I’m planning to make a dinner reservation soon at One If By Land, Two If By Sea, a restaurant at 17 Barrow Street just off Sheridan Square in Greenwich Village. I’m not going for the food; I’m going because the restaurant is in an old carriage house that served for about 55 years as my great-grandfather’s blacksmith shop, and then as the nerve center of my mother’s family as it spread out into the boroughs from Manhattan. It’s a part of my New York identity-the trump card I pull out in those contests among native New Yorkers about whose lineage stretches furthest back. It helps that the place links me to the term “blacksmith,” a profession with a nice old-time feel, like wainwright or cobbler.
William Aloysius Conway, which was my great-grandfather’s name and was the name of his business, bought the place from a retiring smith around 1914. Automobiles were swiftly outpacing horses; fashioning horseshoes was about to become a money loser. So he concentrated on getting work with newspaper delivery horses, and he scored lucrative contracts with the police and fire departments for troublesome horses that were hard to shoe. His business card hangs in a little frame on a wall at my mother’s house. Beneath his name is a line that reads “LAME AND INTERFERING HORSES A SPECIALTY.”
He made headlines one day, when Charles Lindbergh took off on his famous transatlantic flight. For good luck, the aviator was given a giant horseshoe my great-grandfather forged for the occasion. When he was interviewed, my great-grandfather waved the reporter off, offering dryly that if Lindbergh got to the other side it would have nothing to do with the horseshoe.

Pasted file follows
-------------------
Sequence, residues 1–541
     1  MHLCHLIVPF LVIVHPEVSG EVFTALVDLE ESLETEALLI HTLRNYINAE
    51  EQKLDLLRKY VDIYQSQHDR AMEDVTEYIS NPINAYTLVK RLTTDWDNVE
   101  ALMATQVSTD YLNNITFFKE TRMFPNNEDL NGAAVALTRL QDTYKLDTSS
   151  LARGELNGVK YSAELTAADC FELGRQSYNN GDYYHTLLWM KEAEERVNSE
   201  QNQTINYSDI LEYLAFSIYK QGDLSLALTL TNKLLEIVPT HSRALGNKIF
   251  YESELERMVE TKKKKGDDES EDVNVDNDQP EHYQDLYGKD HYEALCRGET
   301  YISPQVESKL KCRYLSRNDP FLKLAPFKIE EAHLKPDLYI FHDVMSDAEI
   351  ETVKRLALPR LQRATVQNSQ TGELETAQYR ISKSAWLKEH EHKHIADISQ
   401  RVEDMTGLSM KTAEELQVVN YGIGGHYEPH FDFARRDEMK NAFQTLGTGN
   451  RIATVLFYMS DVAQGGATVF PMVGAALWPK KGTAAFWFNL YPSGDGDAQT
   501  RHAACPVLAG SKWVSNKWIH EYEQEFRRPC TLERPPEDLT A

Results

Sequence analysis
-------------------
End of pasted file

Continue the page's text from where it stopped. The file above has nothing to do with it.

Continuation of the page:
In the 1930′s he retired, partly: He spent winters in the workshop making decorative wrought-iron objects, and summers upstate in Warwick, N.Y., where relatives had a farm.
When Conway finally closed up shop, the family rented the downstairs to some Italians, who turned it into a restaurant called, provocatively, “17.” It was already a sign of change. In the 1920′s and 1930′s, I’ve been told, Cornelia Street was the line that divided Little Italy from the Irish neighborhood. My mother was not allowed to walk the dicey block east toward Sixth Avenue alone. “17″ remained open through the 1960′s, when my great-uncle and -aunt sold the building and retired to Florida.
My mother often told us about the Barrow Street place: a light-red-brick, two-story, colonial-era building that had once served as the carriage house for Aaron Burr’s estate, which occupied much of the present Greenwich Village.
“That’s where they brought the horses in,” my mother would say, attempting in her often less-than-completely-useful way to describe the large workshop with its great doors opening onto Barrow Street. Upstairs were all the living rooms, she said.
In its present incarnation as a high-end restaurant, large oak doors open up to the street, punched through in the center to accommodate antique-looking, ripply glass windowpanes. As a teenager, when many of my nights were spent trying to convince bartenders in Greenwich Village that I was 21, I happened upon the place almost accidentally one evening. Since then, I’ve often peered in and been able to just see the large room through the elaborate fronds that sit on top of the grand piano at the front of the dining area.
Looking at the building from the street, it’s difficult to imagine my grandfather’s large family quartered in the tiny upstairs portion of the shop. The house was always described to me as a magnificent place, and it certainly is a beautiful building, reclaimed and cleaned up like most of the neighborhood. But as a family home and working blacksmith’s shop, it looked to me like it must have been a bit on the Dickensian side-hardly the idyllic setting my mother remembers from the Sundays of her youth.